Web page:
Qatar Energy and Environment Facts

Natural resources, energy and environment

Qatar is a prominent oil country where oil and, to an increasing extent, natural gas together account for a large part of the economy. The gas covers the entire country’s energy needs.

The oil is extracted from a large field in western Qatar and from a field outside the Persian Gulf. Offshore there are also the largest reserves. The extraction is carried out by the Qatari government in collaboration with foreign oil companies. In 2018, exports of crude oil amounted to nearly 480,000 barrels per day.

  • COUNTRYAAH: Major exports by Qatar with a full list of the top products exported by the country. Includes trade value in U.S. dollars and the percentage for each product category.

Large refineries can be found in Umm Said as well as in Ras Laffan.

At the end of 2018, Qatar announced its intention to leave the oil-producing countries’ cooperative organization Opec; it was the first time a member country left. Qatar was one of the smallest oil producers in Opec and justified its exit with gas production taking over as the country’s most important industry.

In 2008, gas passed the oil as the most economically important product. Increasing quantities of natural gas are exported. Qatar has become one of the world’s leading exporters of liquefied natural gas, generally the largest. An stated goal is for annual production to reach 110 million tonnes by 2025.

  • Abbreviationfinder: A popular acronym site in the world covering abbreviation for each country. For example, QA stands for Qatar. Visit itypeusa for more information about Qatar.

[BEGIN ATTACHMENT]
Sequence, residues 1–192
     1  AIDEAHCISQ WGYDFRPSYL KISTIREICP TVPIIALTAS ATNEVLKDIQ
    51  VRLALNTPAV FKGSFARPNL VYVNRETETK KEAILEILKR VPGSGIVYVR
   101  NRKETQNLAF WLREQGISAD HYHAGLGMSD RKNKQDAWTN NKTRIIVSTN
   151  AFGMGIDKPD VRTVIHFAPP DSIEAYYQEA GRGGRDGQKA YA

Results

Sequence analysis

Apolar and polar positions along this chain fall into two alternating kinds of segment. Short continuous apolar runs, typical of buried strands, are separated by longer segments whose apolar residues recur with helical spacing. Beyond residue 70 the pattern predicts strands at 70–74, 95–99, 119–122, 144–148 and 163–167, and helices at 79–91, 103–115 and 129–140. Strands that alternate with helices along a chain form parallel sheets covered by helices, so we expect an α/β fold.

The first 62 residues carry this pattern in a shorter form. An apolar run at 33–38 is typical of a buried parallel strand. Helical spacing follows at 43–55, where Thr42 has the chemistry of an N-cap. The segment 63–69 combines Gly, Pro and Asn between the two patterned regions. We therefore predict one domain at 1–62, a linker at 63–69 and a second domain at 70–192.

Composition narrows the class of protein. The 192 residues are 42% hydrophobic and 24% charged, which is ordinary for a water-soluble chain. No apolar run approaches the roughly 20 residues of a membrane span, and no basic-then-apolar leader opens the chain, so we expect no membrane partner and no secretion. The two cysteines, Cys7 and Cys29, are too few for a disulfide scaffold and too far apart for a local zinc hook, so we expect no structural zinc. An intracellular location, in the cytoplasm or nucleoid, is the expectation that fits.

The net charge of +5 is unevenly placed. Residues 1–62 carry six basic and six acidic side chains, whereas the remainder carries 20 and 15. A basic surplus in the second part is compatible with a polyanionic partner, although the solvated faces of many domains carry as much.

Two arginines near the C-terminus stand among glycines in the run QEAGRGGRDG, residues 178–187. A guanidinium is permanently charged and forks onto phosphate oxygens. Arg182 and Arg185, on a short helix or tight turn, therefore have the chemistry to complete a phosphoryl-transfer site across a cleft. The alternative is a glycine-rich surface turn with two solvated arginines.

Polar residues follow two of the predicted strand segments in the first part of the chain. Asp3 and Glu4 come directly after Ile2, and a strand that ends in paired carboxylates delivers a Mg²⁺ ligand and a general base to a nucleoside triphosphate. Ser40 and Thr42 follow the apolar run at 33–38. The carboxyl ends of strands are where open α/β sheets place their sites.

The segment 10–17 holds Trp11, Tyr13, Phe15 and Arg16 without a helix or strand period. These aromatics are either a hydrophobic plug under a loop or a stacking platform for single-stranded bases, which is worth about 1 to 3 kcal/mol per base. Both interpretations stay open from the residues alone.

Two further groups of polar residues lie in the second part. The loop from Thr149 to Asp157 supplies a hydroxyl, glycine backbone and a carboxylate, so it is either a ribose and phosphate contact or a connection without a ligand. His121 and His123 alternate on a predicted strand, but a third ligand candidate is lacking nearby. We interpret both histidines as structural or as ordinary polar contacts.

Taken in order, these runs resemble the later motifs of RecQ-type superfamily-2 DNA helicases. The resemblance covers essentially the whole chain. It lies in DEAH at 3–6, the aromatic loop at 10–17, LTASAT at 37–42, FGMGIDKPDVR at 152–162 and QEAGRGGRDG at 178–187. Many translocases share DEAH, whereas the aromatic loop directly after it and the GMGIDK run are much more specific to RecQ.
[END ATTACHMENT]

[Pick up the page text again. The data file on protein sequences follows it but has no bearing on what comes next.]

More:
The largest customers of Qatar’s energy exports are located in Japan, South Korea, China, the EU, India and Singapore. In recent years, the share of exports going to Asia has grown.

Gas represents the energy for both households and industries such as fertilizer factories, steel mills, petrochemicals and seawater desalination plants. Qatar suffers from a lack of fresh water and has large desalination plants that transform seawater into drinking water. A certain amount of fresh water can also be taken from underground sources. In connection with the desalination of the seawater, Qatar also uses solar energy.

According to the World Bank, Qatar is the country with the largest greenhouse gas emissions per capita. Despite the hot climate, the World Cup will be held in the country by 2022. Before the event, new arenas have been built and both football arenas and outdoor areas adjacent to, for example, shopping malls are cooled with the help of air conditioning. About 60 percent of the electricity Qatar produces goes to refrigeration plants.

A research study done at Qatar University also shows that the Qatari leaves more plastic waste per person than the populations of other Gulf states. Ahead of the Soccer World Cup 2022, a goal has been set: that 15 percent of all garbage should be recycled. Efforts on a modest scale to persuade customers to avoid disposable packaging can be seen in some shopping centers.


Energy use per person

20,292 kilograms of oil equivalent (2014)

Electricity consumption per person

16736 kilowatt hours, kWh (2014)

Carbon dioxide emissions in total

107 854 thousand tons (2014)

Carbon dioxide emissions per inhabitant

45.4 tonnes (2014)

The share of energy from renewable sources

0.0 percent (2015)



Human Rights Center opens in Doha

Qatar opens a human rights center in Doha with support from the United States. The center will work to document and develop the work for human rights in the region.


Qatar breaks with Israel

Qatar cuts trade relations with Israel as a result of the country’s offensive in the Gaza Strip. Qatar was previously the only country on the Persian Gulf to trade with Israel.

Qatar Energy and Environment Facts

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